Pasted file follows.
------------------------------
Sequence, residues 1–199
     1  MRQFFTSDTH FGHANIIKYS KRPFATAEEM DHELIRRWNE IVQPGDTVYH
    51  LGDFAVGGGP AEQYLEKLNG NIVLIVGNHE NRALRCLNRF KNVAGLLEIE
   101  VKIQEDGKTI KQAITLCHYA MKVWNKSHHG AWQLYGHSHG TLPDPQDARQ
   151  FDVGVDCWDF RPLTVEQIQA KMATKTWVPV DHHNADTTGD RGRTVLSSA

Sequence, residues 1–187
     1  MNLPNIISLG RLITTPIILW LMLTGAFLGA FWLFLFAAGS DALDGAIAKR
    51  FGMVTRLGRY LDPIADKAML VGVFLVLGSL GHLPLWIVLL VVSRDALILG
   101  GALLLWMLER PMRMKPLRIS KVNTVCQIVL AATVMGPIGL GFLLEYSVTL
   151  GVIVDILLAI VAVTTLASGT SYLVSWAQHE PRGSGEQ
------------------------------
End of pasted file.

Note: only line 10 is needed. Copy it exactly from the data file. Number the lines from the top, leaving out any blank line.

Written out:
   151  GVIVDILLAI VAVTTLASGT SYLVSWAQHE PRGSGEQ